Barcelona’s “Superblocks” model given funding boost by the EIB
Posted: 4 August 2020 | Sam Mehmet (Intelligent Transport)
The “Superblocks” approach aims to help achieve Barcelona’s climate targets by organising the city with priority given to pedestrians, bicycles and public transport.
The European Investment Bank (EIB) is to finance around 40 projects in Barcelona that aim to support climate change mitigation and adaptation in the city. To this end, the EU bank will provide €95 million to promote urban regeneration, with a focus on the environment but also on social inclusion and job creation to boost the economic recovery in the wake of the COVID-19 crisis.
A significant portion of the EIB funding – up to 25 per cent – will go towards investments to regenerate an area covering some 200,000 m2 across the city, reshaping urban design around the concept of “Superblocks” to give residents better access to facilities in their neighbourhoods. This involves grouping buildings into blocks where traffic is only permitted around the perimeter and priority is given to pedestrian areas, low-speed zones, public transport and recreational green spaces.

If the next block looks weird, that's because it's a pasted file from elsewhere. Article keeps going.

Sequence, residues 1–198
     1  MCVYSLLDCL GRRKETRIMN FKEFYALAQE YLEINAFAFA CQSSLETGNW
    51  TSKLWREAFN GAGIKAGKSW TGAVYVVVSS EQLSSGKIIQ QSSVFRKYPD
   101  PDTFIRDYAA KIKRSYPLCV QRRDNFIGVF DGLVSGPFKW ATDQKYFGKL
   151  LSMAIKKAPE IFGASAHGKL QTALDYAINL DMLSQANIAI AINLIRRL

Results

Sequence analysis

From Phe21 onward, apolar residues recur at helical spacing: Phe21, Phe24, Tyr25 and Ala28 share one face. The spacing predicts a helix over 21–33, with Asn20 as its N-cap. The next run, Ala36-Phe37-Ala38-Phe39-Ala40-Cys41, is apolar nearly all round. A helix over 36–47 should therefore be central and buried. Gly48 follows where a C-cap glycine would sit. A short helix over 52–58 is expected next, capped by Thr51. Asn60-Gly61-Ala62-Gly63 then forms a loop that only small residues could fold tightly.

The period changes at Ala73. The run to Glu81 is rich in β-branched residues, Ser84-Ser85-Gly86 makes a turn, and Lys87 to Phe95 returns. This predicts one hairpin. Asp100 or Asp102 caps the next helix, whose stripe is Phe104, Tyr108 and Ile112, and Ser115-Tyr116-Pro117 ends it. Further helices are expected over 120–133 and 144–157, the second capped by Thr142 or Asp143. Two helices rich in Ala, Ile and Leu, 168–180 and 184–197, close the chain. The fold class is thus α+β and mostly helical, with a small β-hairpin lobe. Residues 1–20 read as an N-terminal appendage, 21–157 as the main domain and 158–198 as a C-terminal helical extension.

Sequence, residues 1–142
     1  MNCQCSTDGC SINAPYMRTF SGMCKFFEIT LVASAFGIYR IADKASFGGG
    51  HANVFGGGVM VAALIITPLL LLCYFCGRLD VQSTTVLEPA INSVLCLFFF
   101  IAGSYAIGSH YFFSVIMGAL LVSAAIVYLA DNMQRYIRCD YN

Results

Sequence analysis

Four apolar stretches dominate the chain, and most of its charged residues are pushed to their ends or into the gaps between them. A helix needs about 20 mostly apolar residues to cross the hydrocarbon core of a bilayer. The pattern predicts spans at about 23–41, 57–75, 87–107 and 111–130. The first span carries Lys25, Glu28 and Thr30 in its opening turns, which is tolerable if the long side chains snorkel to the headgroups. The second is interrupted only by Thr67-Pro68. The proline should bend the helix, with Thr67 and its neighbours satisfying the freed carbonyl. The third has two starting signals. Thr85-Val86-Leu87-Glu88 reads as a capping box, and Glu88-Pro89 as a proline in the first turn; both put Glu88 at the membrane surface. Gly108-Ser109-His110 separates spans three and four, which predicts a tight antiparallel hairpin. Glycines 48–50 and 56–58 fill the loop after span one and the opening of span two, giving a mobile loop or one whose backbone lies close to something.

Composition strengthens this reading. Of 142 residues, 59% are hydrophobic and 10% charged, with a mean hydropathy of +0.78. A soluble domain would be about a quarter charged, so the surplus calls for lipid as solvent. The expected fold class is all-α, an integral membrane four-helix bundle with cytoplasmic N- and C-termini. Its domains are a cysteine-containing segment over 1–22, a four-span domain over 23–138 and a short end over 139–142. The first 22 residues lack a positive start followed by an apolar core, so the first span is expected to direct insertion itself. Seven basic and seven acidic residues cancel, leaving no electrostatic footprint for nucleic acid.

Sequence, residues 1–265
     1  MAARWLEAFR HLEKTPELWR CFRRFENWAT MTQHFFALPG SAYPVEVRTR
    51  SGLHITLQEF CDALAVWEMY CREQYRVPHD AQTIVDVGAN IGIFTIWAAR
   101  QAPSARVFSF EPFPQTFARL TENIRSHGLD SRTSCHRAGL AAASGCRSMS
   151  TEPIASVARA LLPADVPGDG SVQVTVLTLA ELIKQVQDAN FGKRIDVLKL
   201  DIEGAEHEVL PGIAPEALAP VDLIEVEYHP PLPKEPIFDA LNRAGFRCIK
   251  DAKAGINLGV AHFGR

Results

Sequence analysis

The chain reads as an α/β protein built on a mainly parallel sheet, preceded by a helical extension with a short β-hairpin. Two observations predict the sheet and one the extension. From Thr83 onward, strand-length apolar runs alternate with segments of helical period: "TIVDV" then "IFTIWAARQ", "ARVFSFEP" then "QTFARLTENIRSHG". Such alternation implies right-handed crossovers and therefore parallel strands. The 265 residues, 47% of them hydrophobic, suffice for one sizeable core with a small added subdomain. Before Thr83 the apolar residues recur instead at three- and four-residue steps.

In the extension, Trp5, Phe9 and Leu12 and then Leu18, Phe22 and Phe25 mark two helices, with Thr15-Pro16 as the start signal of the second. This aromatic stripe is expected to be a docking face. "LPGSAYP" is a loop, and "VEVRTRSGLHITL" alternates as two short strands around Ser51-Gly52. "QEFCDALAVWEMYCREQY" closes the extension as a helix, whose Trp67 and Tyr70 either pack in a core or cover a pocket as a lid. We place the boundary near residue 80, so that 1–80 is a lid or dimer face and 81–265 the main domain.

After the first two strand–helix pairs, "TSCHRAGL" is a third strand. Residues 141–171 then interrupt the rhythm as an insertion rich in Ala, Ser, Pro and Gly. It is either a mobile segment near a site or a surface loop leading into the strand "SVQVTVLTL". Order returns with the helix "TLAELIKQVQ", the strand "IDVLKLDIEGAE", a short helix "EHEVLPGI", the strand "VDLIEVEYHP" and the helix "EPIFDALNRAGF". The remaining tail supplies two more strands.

Barcelona declared a climate emergency in January 2020 and the investments now being promoted are in line with the declaration’s objectives.
Mark Nieuwenhuijsen, Director of the Urban Planning, Environment and Health Initiative at the Barcelona Institute for Global Health (ISGlobal), said: “For the distribution of health benefits to be complete and equitable, superblocks should be created all over the city.
“In order to implement the superblock approach at the municipal level and to maximise its health benefits, we must improve the public transport network throughout the Barcelona metropolitan area – focusing particularly on reducing the number of commuters who drive in and out of the city every day – and continue to improve and expand the city’s network of cycle lanes.”
In addition to strengthening the city’s climate resilience, the projects financed under this agreement will promote social inclusion, with the EU bank funds also going to the construction and renovation of educational institutions such as nurseries and schools, sports facilities, a new library and care homes.
EIB Vice-President Emma Navarro, who is responsible for the Bank’s operations in Spain, said: “Adapting our cities to a more sustainable model is key to achieving the EU objective of climate neutrality by 2050. As such, one of the EIB’s main priorities is to support urban regeneration to promote clean and inclusive growth that benefits the public while also helping to combat climate change. We are pleased to be signing this agreement with the Municipality of Barcelona to promote investments that will have a huge social and environmental impact on the city. It is yet another example of the EIB’s commitment to a green recovery in Spain.”